Glass artist, Brent Kee Young, has been recognized by scores of museums, galleries, colleges and universities in the United States and Asia, which have displayed and acquired his work and invited him to speak, demonstrate and teach. In 2006, the Smithsonian American Art Museum’s Renwick Gallery acquired its second piece by Professor Young for its permanent collection. Snake River Shelter is from Professor Young’s Matrix Series, a construction of intricate and technically complex works he created by flame working borosilicate glass rods into layers of glass webs.
Brent Kee Young, Snake River Shelter, 2014.
Flame-worked borosilicate glass. Morris Museum
of Art, Augusta, Georgia. Gift of Eugene Fleischer.
Photo credit, Daniel Fox Lumina Studio.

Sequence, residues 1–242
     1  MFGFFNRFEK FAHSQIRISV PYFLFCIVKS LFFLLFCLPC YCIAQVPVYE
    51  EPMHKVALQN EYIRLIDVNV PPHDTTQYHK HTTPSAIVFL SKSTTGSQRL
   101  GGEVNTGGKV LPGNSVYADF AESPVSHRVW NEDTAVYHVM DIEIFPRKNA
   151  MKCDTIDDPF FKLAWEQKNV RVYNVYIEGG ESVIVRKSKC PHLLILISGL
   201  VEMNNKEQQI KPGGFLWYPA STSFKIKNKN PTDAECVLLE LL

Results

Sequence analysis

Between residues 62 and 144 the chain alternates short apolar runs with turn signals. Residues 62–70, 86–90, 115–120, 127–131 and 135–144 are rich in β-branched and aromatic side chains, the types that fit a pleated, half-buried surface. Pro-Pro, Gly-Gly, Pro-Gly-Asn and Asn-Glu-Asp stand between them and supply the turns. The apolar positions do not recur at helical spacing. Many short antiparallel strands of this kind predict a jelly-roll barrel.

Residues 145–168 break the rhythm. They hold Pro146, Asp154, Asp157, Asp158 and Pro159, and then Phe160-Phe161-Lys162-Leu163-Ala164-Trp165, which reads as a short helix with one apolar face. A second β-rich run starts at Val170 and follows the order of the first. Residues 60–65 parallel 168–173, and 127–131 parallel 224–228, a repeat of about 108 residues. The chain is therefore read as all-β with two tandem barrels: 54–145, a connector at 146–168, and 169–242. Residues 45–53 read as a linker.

The idea for this series came from looking at matrices. Looking at the matrix of a root ball from which the dirt has been shaken out; envisioning a rat’s nest of wiggly lines; also, seeing a large pile of entangled re-bar and building next door to Young’s studio. With these images, the idea for making forms from an organic matrix came to be. The concept beckoned for some action so Young devised a way to make sculptures using “Borosilicate” glass. He began by creating a simple element, an organically shaped “T”. By connecting that “T” over and over an idea emerged. One can build almost any form from this inner-connected “T”. The use of clear glass is also an important part of the discussion. With it, he use glimpses of line and light to define form. Young is interested in the ambiguous nature of glass and the sense of space and volume one can create.
Currently retired from teaching, Professor Young continues his inquiries into the mysteries that working with glass has to offer.
Build a Pipe Cleaner House
Form clay into balls and use it to connect the pipe cleaners at the corners of the house.
You can cut the pipe cleaners to make the house smaller or connect them to make it bigger.